1 - County Council Building (Security Cameras Update)

Security camera maintenance at the Sheriff’s Department continues to stir debate among county officials as county council tables the requests for a second time.

On Oct. 20, Sheriff Reggie Nevels and other county officials stood before the county council to discuss a three-year warranty for preventative maintenance on security cameras for the department, but due to the cost and unknown timeframes, the request was tabled for reevaluation later.

Last Wednesday, commissioner Mark Bardlsey stood before the council to recommend the approval of appropriations to begin paying for the warranty.

The warranty totals to over $54,000 per year for a three-year contract, totaling upwards of $162,000 for the warranty on a $155,000 security system.

The new cost for the warranty was a surprise to many of the officials as no one was contacted by Stanley’s security until the end of the initial one-year warranty. This led to county officials attempting to work as quickly as possible to amend the issue.

“It was ending when (a Stanley’s representative) said ‘oh, by the way, you need to have an extended warranty program,’” said Bardsley. “He came to us at the end of the first-year warranty.”

If the three-year warranty is not approved soon, repairs will be made by the county on a case-by-case basis due to the lack of a warranty.

Since Bardsley’s last visit, 12 cameras were reported with issues that could require maintenance or replacement in the near future and a case-by-case basis may be even less cost-efficient.

Bardsley assured that the warranty covers preventative maintenance, which is already part of the cost in repairs. The warranty will cover replacements alongside other maintenance, saving the county almost $700 per camera if replaced.

Council immediately questioned the use of security cameras from the business formerly known as Stanley’s after receiving the cost estimate.

It was stated that if enough cameras and equipment break to warrant a $54,000 wareanty, then the county should seek other suppliers.

“I guess this one’s a hard one for me to swallow just because of the initial cost and now you’re going to do a three-year warranty. I think we got taken advantage of. That’s the way I feel,” said council President Shane Middlesworth. “The Sheriff alluded to Stanley being the best equipment company, but to have that many cameras fail in a short amount of time should show that.”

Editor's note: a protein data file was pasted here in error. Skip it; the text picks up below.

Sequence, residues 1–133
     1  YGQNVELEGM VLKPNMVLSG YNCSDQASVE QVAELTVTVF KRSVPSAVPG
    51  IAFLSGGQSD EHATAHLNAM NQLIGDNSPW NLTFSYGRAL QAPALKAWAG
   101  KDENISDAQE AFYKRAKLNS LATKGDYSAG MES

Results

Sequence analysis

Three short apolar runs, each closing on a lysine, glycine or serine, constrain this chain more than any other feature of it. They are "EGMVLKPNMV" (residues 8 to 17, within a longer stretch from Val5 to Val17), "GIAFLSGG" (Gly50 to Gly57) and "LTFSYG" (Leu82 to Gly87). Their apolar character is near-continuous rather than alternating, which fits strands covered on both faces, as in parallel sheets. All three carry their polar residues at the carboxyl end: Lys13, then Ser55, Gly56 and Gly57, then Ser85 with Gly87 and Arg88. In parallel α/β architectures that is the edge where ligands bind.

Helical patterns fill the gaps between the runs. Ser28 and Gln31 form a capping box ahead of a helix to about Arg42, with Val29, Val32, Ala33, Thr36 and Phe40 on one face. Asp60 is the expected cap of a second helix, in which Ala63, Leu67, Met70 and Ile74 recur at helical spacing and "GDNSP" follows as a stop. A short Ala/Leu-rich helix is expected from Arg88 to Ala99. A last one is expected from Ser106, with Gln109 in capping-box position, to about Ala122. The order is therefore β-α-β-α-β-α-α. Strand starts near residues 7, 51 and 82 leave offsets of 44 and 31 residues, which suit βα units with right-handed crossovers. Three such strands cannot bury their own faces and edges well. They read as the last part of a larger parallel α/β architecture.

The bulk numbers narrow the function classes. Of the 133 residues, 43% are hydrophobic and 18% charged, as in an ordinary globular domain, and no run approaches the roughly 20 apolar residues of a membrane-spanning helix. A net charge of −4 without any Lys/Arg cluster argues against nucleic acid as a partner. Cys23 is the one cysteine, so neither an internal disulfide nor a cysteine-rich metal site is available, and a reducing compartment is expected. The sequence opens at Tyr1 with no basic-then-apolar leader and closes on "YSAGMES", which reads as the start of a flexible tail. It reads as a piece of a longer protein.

Other council members began to agree with both Middlesworth and Bardsley about how the prices seem too expensive, but the need for a warranty is a necessary to address.

“Those are the people that we paid $155,000 to set it up. Now, those same people want another $162,000,” said councilman Mike Roorbach. “I guess I was expecting something more to come back then just asking for the money. We asked for a solution and this isn’t a solution.”

Bardsley responded that the council either needs to vote to accept the warranty or the county may have to walk away from the system as a whole. However, the council pushed for a compromise.

Director of Information Technology for the Economic Growth Council Marcus Elliott has been tasked with evaluating the cameras and the security system to find better solutions than the warranty, possibly switching the system to a different server.

Council and Elliott also proposed the implementation of a new job within the IT department that would focus on the cameras as well as the new broadband being installed in the county. The new position would likely be more cost-efficient than the three-year warranty as the job description would cover more maintenance areas and would likely pay less than or equal to $54,000 per year.

Council decided to table the request for a second time, ruling to have a meeting between the council and the commissioners later in November to early December to decide the route the county will take on the warranty or pursue other routes with the system.

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